Still, Fenton as governor had done nothing glaringly wrong. The year had been a difficult one, anyway. A recurrence of the war spirit had come in an especially awkward way. New York City at that time contained very many citizens of Irish origin. Up-State, along the route of the Erie Canal, each large community showed an appreciable Irish population. The young men returning from Civil War service could not settle down. Other war-like purposes held them. These, in 1866, manifested themselves in a movement toward the Canadian frontier. The Irish of New York would try to remove some of Ireland's troubles by seizing one of England's colonies. They would invade Canada. Arms were shipped by the conspirators to Eastport, Maine, and to Rouse's Point, and on June 1, 1866, a force of 1,200 men crossed the Niagara River from the vicinity of Buffalo, and seized Fort Erie in Canada. The Canadian authorities quickly overcame the invaders, but for long afterwards a tense, uncertain state of things existed along the Niagara frontier.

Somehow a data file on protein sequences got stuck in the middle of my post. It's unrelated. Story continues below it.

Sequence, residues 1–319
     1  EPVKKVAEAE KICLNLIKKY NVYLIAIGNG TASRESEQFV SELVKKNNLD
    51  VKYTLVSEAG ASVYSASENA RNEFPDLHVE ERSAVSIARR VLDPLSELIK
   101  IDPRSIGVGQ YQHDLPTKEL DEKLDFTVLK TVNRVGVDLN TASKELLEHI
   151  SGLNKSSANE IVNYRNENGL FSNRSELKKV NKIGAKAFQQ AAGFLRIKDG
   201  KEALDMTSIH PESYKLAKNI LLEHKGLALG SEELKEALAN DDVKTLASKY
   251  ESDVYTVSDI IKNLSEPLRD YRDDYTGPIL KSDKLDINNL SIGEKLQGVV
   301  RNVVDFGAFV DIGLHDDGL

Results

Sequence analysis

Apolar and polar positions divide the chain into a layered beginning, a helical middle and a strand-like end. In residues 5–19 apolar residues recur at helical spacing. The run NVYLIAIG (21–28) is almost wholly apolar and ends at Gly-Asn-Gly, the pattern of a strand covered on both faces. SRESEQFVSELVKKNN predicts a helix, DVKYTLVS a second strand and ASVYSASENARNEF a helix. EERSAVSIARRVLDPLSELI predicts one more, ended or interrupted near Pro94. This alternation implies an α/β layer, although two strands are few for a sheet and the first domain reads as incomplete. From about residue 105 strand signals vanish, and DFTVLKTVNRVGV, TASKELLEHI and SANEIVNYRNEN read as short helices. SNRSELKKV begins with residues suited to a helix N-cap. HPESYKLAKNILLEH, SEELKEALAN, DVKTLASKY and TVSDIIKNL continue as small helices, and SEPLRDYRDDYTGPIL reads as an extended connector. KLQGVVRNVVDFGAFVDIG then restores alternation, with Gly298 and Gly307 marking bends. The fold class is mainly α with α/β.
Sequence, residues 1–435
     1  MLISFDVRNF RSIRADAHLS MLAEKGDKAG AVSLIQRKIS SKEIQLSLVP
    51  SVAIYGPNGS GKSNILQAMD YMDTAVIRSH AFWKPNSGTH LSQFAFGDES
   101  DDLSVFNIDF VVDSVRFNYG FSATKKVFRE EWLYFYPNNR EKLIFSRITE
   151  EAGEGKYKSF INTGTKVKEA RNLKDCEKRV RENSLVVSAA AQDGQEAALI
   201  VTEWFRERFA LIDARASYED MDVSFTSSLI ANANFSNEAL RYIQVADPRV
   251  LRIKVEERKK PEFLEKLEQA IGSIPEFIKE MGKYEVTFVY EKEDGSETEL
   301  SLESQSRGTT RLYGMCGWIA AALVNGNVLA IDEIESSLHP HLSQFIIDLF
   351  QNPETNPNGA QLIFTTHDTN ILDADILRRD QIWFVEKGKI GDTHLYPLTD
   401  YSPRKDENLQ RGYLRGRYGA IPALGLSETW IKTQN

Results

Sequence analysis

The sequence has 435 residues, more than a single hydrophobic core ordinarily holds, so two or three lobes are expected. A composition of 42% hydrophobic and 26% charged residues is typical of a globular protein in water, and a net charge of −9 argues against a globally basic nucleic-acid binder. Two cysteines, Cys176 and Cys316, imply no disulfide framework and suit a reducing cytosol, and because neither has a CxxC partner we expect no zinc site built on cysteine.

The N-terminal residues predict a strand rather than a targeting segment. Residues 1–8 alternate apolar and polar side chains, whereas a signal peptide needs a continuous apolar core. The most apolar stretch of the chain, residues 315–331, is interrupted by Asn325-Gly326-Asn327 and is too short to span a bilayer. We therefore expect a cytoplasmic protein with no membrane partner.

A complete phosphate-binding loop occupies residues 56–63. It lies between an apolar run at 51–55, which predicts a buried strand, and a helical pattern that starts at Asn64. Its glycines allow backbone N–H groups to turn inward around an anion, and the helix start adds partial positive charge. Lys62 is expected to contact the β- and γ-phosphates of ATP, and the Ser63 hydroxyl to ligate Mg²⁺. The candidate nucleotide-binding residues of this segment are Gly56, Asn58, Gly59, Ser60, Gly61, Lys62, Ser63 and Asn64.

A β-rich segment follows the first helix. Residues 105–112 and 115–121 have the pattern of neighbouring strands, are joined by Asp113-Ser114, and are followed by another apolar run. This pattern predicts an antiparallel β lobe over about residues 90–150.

Returning to the maze of State politics again, we find that Henry J. Raymond, who had been ousted from the Republican committee, and has championed the coalition, changed his mind as soon as Hoffman had been nominated for Governor. In his opinion, it had been a Democratic convention, not a coalition. Raymond, who had fought Tammany, in any case would not accept Hoffman. "With the Democratic party, as it has been organized and directed since the Rebellion broke out, I have nothing in common," he wrote in the "Times" in October, shortly after he had announced that he would give his support to the Republican ticket. Nevertheless, he would not run again for Congress. Thurlow Weed, on the other hand, was quite satisfied with Hoffman, whom he would prefer to the "reckless red-radicalism which rules the present Congress." In Weed's opinion, radicals were always bent upon destruction and obstruction.